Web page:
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Ooh, that smell, the smell of deals surrounds you


The U.S.’s budding legalized pot industry could learn something from Amsterdam’s long-standing custom of allowing soft drugs in its coffeehouses. On a recent trip there, I spotted abundant signage for head shops and invitations to drink and smoke inside. The smoking, of course, refers to marijuana, not tobacco, which is forbidden in most restaurants there. Ironically, you can be tossed out of an eating establishment if your lit cigarette contains even the smallest  hint of tobacco; it has to be 100 percent marijuana to be legal.

The guide on a walking tour pointed out Amsterdam’s history of tolerance was being tested. Some locals wanted a ban on foreigners visiting their coffeehouses because of their inability to hold their marijuana. Nothing is worse than trying to enjoy a good cup of coffee and a toke while having to put up with some foreign novice’s high jinks. I witnessed a couple of loudmouth examples of this—and, yes, they were Americans—and no, I wasn’t one of them.

I’ve commented several times that a good toilet is hard to find when you travel overseas. In Europe they all seem to be down or up narrow, steep stairways. The public water closets in Belgium require an investment of one-half euro. Sometimes an attendant was on hand to make change, but in the train stations you need exact change and a strong bladder. A cheaper option was to head to a pub for a glass of beer or wine every few hours and use their facilities for free.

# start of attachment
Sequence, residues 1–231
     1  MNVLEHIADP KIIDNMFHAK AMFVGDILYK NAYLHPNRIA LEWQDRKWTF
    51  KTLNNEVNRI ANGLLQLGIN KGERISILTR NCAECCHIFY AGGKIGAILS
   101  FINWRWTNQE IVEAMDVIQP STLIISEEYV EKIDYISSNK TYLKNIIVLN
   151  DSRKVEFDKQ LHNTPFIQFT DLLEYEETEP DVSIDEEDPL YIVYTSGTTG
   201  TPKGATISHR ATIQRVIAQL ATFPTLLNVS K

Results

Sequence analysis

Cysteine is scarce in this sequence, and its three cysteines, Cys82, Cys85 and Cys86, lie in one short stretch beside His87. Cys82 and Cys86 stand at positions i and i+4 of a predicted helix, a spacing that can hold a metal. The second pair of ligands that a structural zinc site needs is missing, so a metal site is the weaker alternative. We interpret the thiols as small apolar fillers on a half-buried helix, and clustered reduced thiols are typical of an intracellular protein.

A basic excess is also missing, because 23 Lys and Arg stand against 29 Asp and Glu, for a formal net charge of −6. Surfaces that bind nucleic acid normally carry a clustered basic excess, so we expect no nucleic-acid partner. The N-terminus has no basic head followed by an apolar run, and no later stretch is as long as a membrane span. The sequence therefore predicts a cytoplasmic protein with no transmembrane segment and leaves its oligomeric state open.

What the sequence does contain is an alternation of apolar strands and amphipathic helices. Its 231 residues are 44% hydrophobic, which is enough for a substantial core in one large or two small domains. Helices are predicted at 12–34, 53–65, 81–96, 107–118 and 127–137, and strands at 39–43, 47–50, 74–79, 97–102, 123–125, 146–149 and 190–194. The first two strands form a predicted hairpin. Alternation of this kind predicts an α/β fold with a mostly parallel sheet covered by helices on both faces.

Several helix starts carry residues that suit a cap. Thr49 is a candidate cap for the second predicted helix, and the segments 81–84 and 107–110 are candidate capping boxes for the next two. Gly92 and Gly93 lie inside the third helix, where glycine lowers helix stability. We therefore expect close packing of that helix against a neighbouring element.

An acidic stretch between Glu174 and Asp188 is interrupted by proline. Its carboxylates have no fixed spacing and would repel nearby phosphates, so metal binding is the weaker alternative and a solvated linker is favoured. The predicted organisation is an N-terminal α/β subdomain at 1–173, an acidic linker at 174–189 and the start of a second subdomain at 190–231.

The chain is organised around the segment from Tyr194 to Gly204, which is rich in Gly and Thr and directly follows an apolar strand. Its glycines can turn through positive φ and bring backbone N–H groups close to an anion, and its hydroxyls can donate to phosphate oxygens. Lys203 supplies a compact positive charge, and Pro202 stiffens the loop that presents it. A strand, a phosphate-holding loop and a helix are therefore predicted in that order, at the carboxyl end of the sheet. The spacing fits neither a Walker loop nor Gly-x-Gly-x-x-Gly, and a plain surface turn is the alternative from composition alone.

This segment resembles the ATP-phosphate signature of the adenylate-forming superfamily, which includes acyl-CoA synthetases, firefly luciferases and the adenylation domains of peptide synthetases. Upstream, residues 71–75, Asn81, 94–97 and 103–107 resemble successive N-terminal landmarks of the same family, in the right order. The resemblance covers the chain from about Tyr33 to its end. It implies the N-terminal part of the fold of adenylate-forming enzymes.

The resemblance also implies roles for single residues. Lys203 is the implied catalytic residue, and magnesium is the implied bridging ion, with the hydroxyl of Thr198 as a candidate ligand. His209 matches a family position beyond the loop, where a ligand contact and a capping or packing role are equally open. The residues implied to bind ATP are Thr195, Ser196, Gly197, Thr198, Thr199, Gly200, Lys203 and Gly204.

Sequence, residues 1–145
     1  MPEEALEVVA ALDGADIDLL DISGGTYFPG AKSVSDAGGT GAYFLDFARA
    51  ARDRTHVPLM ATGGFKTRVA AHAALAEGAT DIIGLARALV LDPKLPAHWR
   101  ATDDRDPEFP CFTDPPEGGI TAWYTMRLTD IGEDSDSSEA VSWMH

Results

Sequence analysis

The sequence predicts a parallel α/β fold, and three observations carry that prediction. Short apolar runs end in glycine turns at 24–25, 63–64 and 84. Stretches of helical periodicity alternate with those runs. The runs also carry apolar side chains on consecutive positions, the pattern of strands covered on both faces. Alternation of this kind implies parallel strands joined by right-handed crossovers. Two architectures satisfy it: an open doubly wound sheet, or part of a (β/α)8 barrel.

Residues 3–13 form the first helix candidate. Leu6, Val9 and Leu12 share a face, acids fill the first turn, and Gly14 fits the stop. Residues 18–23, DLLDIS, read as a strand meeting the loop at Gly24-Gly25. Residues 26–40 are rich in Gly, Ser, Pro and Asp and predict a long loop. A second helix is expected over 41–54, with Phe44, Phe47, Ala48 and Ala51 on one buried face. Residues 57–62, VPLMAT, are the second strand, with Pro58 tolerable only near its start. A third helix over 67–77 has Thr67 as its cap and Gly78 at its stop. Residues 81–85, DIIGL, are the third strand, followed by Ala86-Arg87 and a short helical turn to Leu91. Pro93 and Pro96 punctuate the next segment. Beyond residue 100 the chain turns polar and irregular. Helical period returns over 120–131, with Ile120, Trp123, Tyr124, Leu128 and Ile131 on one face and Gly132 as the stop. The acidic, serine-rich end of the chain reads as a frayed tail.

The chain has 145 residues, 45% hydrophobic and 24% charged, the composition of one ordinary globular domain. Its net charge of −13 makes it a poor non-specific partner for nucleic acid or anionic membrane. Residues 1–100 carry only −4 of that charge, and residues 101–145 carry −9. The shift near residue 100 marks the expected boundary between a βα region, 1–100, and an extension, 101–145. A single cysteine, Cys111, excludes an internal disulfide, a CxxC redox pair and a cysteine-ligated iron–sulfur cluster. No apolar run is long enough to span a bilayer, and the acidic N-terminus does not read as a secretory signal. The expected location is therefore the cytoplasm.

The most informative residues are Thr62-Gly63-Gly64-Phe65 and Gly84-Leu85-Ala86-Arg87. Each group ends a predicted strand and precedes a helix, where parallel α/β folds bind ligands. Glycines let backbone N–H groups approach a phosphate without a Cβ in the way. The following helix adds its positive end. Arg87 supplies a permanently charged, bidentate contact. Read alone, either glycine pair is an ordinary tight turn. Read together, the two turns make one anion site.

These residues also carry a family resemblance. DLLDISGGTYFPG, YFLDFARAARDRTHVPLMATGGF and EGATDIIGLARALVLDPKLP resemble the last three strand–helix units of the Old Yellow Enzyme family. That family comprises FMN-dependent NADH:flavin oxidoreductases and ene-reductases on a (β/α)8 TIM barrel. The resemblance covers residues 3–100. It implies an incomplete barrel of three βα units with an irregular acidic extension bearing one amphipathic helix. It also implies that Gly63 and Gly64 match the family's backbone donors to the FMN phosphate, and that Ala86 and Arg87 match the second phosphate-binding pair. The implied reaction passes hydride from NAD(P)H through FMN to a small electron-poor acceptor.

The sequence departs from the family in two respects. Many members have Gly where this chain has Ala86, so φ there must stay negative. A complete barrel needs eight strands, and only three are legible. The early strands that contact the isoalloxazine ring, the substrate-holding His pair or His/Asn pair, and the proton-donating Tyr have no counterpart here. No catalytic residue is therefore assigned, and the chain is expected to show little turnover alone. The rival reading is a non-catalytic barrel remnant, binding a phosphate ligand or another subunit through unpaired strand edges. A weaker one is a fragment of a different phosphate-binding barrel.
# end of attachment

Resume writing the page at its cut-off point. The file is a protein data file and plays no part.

In picturesque Bruges, I encountered a nose-numbing experience. While dining al fresco—there was a line of about six quaint outdoor restaurants in the main square—a truck parked in front of the last restaurant and began pumping out the septic tank—at 11 a.m. A visitor can put up with the odor of horse manure in the street, because a charming horse-drawn carriage preceded it, but there’s nothing remotely charming about human waste. Even the horses were appalled.

And as long as we’re on this subject, I just want to add that I’m offended when Delta flight attendants ask us to be sure to use the restroom in our “class of service.” I thought the U.S. was a classless society?

Trading up to Mexico

The day after I returned from vacation, I headed to Mexico for the franchise trade mission, a joint effort between Franchise Times, the International Franchise Association and the U.S. Commercial Service. We had two stops, Mexico City and Monterrey.

October was a month of culinary firsts for me, and hopefully deals for the trade mission participants. In Bruges I ate snails—not the buttery, garlic-ladened ones with the fancy escargot name, but the backyard ones that looked like prehistoric reptiles. In Monterrey, I ate guacamole covered with grasshoppers. (Ok, I only ate one grasshopper.) I like novelty, but I draw the line at baby animals, except veal. IFA’s Josh Merin, however, is not married and has no children, so he ordered baby goat, which all the males at the table shared.  The next night we expected him to continue this trend with suckling pig, but he surprised us by ordering lasagna with mole sauce, where even the cheese had been aged.